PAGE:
Interaction With Nature Good for the Overall Well Being of Elders

by Dr. Trupti Shirole on  July 11, 2015 at 5:25 PM Senior Health News   - G J E 4
Nature is known to promote physical, mental and spiritual healing, with green and blue spaces promoting feelings of renewal, restoration and spiritual connect. Reinforcing this beneficial influence of nature on humans, a new study highlights the importance of everyday contact with nature for well being in later life.
 Interaction With Nature Good for the Overall Well Being of Elders
Interaction With Nature Good for the Overall Well Being of Elders

Lead author Jessica Finlay, a former research assistant on the project from the University of Minnesota, said, "We zoomed into everyday life for seniors between the ages of 65 and 86. We discovered how a relatively mundane experience, such as hearing the sound of water or a bee buzzing among flowers, can have a tremendous impact on overall health."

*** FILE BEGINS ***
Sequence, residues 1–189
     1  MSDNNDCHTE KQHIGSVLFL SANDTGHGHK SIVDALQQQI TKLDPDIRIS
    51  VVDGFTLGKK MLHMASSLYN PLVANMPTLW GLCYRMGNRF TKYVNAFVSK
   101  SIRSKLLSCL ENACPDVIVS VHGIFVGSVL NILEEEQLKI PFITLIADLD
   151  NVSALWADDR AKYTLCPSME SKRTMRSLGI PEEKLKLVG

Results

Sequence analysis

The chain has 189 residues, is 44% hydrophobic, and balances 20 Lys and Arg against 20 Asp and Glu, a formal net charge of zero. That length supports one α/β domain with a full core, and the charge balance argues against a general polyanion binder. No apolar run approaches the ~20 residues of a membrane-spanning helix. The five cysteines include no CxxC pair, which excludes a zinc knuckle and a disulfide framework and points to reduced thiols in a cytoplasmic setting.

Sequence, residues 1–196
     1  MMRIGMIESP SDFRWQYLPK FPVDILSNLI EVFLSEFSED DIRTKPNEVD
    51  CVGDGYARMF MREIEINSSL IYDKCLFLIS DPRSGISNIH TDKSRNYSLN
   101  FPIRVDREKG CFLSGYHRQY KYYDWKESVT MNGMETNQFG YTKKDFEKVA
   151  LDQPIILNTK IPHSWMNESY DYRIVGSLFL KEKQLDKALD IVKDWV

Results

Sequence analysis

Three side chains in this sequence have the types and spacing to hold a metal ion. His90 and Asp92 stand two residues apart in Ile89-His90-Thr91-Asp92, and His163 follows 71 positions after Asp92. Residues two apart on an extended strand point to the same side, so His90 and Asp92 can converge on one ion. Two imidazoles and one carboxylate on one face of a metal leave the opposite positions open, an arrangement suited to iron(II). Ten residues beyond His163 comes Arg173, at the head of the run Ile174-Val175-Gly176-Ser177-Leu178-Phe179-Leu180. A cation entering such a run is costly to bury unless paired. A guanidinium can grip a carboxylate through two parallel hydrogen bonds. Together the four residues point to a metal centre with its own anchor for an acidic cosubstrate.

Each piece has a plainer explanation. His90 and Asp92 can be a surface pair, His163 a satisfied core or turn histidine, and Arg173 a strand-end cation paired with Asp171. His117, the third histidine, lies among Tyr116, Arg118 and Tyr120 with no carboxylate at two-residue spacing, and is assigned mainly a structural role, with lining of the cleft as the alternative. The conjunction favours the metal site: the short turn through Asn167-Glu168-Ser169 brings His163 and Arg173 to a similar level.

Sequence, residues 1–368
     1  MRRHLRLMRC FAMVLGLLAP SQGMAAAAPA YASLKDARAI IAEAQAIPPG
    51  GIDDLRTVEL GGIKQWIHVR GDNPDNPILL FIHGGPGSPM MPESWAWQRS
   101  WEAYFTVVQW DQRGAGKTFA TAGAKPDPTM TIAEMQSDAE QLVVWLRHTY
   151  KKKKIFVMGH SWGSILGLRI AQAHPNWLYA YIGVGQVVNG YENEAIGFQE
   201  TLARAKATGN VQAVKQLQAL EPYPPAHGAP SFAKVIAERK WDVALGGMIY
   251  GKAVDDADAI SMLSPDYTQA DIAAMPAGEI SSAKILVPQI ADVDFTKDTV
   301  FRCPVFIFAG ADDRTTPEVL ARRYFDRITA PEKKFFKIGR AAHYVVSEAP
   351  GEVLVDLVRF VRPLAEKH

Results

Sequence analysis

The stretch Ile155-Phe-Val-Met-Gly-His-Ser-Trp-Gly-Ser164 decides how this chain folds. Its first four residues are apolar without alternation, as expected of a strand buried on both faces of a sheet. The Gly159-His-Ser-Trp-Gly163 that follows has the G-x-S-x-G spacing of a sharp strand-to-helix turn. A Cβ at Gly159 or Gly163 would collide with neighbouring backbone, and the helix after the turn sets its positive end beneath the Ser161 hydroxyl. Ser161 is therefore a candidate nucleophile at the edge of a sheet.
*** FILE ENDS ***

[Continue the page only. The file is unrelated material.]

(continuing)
The study showed that by incorporating smaller features, like a koi pond or a bench with a view of flowers, public health and urban development strategies can optimize nature as a health resource for older adults. A lot of people overcome barriers like chronic illness, disability and progressing old age by connecting with green and blue spaces. While the younger generations may use green and blue spaces more to unwind, the study participants used nature to be active physically, spiritually and socially in later life.

Natural environments enable elderly people to uphold daily structure in retirement and provide opportunities for diverse activities outside the home. This is important to improve quality of later life by decreasing boredom, isolation and loneliness, as well as boosting one's sense of purpose and accomplishment.

Finlay further added, "Accessibility to everyday green and blue spaces encourages seniors to simply get out the door. This in turn motivates them to be active physically, spiritually and socially, which can offset chronic illness, disability and isolation. This research is more than anecdotal; it gives credence to some small but significant elements of everyday later life. Hopefully it will help urban planners and developers build communities that span a lifetime."

The study is published in Health and Place.

Source: IANS

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